Friday, November 7, 2014

What I Learned From Cancer

By Jay Ellis, MD

Editor's Note: This is the last in a series of articles written by San Antonio anesthesiologist Jay Ellis, MD, a member of the Bexar County Medical Society Communications/Publications Committee. The series, published monthly in San Antonio Medicine, examines the physical, emotional, financial and spiritual burden of life-threatening illness. Check out parts I, II, III, IV, V, and VI.

“The daily life of a (cancer) patient becomes so intensely preoccupied with his or her illness that the world fades away. Every last morsel of energy is spent tending the disease.”
 Siddhartha Mukherjee, The Emperor of All Maladies: A Biography of Cancer

My friends and teammates encouraged me to train to run, even when walking was a challenge.
 From left: Don Rhine, Dr. Robert Johnson (in back), retired Gen. Ed Rice,
Tim Parker, the author and Jimmy Keaton. Courtesy photos 

I am out from that dark time when I was solely preoccupied with my illness. I feel better than I have in years because the chronic lymphocytic leukemia was making me progressively more anemic, and chemotherapy knocked that back as well. I went from near death to remission and good health in just six months. It feels like a miracle. So, after all I’ve been through, what do I have to show for it? I certainly received an education in life. I guess the first thing I learned was that you cannot do strenuous exercise with hemoglobin of eight, unless of course your workouts allow for periods of unconsciousness. On a more sober note, I was forced to ponder those existential questions we put off to a distant time, like forever.

The things I thought about most during my illness were faith, family, and friends. Faith allowed me to make some sense out of my illness, knowing that if I didn’t survive I would go to a better place. As stated before, I had no fear of dying, but I did have fear of being disabled. My wife, Merrill, never liked me saying it, and she won’t like reading it, but my biggest fear was not being the man my wife married. I didn’t want my children to remember me as a feeble, gasping-for-breath shadow of my former self. There may be a day when that will come, but I wasn’t ready for it then. I passed through the dress rehearsal for old age. I hope I handle the next performance with grace and dignity.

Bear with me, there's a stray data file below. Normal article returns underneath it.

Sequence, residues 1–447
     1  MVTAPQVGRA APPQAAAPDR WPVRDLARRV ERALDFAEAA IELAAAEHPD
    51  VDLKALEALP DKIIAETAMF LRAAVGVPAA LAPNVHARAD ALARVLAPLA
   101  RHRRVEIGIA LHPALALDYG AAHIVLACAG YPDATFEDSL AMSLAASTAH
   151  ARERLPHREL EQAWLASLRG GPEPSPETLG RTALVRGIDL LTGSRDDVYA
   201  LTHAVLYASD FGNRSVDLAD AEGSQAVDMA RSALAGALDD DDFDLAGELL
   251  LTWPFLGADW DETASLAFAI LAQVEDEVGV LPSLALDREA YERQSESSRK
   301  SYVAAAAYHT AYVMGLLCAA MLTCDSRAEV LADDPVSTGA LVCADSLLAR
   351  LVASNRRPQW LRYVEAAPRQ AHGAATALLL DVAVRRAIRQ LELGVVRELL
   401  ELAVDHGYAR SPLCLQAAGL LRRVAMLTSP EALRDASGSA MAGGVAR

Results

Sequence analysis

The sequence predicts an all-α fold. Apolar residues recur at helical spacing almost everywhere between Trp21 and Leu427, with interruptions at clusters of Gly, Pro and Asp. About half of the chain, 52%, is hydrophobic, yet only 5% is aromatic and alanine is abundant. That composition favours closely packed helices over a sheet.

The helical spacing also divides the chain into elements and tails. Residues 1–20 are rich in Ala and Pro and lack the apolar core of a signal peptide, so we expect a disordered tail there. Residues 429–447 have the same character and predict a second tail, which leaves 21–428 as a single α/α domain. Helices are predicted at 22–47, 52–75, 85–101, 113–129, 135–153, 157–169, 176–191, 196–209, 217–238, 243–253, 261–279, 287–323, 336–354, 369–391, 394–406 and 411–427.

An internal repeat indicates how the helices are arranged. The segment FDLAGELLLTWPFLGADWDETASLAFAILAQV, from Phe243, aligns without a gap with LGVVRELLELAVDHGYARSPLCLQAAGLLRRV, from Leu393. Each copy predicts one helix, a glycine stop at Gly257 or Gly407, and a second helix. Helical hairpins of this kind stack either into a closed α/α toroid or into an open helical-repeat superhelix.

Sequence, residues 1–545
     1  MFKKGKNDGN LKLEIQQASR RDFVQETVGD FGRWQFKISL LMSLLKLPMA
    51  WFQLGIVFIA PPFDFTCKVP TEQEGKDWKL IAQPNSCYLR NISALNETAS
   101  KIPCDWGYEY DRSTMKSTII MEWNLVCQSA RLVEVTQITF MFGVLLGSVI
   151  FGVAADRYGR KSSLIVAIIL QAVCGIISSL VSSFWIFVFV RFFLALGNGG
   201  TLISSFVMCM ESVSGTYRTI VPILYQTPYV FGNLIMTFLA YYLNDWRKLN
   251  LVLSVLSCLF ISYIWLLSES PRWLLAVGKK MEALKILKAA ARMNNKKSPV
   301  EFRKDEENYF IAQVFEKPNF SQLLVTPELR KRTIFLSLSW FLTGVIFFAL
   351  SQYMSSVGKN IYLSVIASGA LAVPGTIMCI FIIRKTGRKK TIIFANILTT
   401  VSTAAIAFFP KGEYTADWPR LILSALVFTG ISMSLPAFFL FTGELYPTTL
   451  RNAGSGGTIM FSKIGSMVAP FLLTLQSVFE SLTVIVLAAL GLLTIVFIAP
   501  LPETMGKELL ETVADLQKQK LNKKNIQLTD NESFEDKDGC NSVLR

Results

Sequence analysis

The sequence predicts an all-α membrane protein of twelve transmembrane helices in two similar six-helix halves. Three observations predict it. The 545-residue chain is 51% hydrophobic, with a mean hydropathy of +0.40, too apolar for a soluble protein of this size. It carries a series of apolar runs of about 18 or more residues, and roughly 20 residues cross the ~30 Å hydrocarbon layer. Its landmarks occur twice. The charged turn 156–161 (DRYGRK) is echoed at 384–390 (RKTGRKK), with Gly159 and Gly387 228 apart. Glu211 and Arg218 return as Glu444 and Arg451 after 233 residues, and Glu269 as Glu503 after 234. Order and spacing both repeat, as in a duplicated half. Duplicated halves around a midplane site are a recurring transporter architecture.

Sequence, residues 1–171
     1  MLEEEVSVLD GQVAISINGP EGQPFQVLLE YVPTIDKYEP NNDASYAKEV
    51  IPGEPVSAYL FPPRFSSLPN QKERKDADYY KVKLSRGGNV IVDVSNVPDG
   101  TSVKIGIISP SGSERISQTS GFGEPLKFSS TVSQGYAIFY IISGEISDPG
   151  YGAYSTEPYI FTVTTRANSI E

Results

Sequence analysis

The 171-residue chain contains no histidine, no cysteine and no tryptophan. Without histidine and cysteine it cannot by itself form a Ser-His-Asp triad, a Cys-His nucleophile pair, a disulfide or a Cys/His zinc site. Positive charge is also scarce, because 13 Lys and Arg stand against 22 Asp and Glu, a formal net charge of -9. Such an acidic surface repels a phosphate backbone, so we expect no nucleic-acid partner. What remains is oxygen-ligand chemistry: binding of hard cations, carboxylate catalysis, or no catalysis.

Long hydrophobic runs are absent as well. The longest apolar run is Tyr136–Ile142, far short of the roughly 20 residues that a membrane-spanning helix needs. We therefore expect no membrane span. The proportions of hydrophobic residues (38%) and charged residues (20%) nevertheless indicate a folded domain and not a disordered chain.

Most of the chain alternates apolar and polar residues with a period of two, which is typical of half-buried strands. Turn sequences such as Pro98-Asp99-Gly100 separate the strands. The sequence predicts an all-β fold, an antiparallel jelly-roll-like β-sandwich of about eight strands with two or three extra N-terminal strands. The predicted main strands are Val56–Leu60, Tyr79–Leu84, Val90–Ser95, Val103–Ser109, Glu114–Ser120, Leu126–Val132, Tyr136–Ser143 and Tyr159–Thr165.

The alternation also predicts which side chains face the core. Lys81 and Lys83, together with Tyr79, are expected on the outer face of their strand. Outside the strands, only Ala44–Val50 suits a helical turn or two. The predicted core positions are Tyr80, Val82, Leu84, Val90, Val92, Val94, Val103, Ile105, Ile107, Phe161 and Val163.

During my illness, family was always on my mind. My wife and my mother were my constant attendants, and I cannot comprehend how I would have survived without them. Proverbs tells us, “It is hard to find a good wife, because she is worth more than rubies.” I will never look at Merrill again without those words coming to mind. My children were a constant source of joy, and the one item of unfinished business I truly wanted to complete was the opportunity to hold my new granddaughter and pray a grandfather’s blessing over her. I didn’t worry about the office, or my group. They would be fine without me. I did ponder whether I provided well enough for my wife and family.

Last item on my bucket list: to hold this little girl
and pray a blessing over her.
I have been blessed throughout my life with many friends. I would gladly list them all here by name if space permitted and my memory was reliable enough to list them all without error. It was their visits, their calls, their notes, and their bringing food that brightened my darkest days. There is an old Russian proverb that says it is better to have 100 friends than 100 rubles. If that is the case, I am rich beyond measure. I will deviate from listing friends to make just two examples. Dr. Bob Johnson always made time on his Sundays to walk with me in the park. It must have been hard for an athlete of his accomplishments to cut back his pace to accommodate the efforts of the chemo patient with the hemoglobin of 8. Those walks were the highlight of my week. My academy classmates Tim Parker, Billy Nichols and Jim Keaton insisted on holding my place for our annual run even though the odds were against me. It was their optimism that planted the little seed of hope in my mind that I might come through this and one day feel well. Their visits and calls were a great break in the monotony and they gave the greatest gift of all, the gift of their time.

On the left is Tim Parker, and on the right Billy Nichols,
my Air Force Academy classmates and airline pilots.

The most important thing I learned was that there was little that was unique about my predicament. Others endure as much or more, and if there is anything unusual about my experience it is that it was brief, and I was fortunate to recover all of my lost function. I marvel that I was so ill at the beginning of the year and feel so well today. Certainly there are lots of reasons for my good fortune. My physician friends tell me that I had great doctors, great nurses, and the advantage of living in the country with the best cancer treatment in the world. That is all true. My friends with a bent toward business remind me that the economics of my profession allow me access to the best care available. Also true. My friends at the gym tell me it is because I was in good physical condition. It allowed me to weather the treatment and my life-threatening pneumonia. Possibly true as well. I speculate that my good fortune seems almost unfair when I consider those around me who have suffered so much more. Some say it’s because I lived a good life, but I know that can’t be true because if it were, there are living saints around us who would never suffer adversity. Life is not fair, and the rain falls on the just and the unjust. That can’t be it.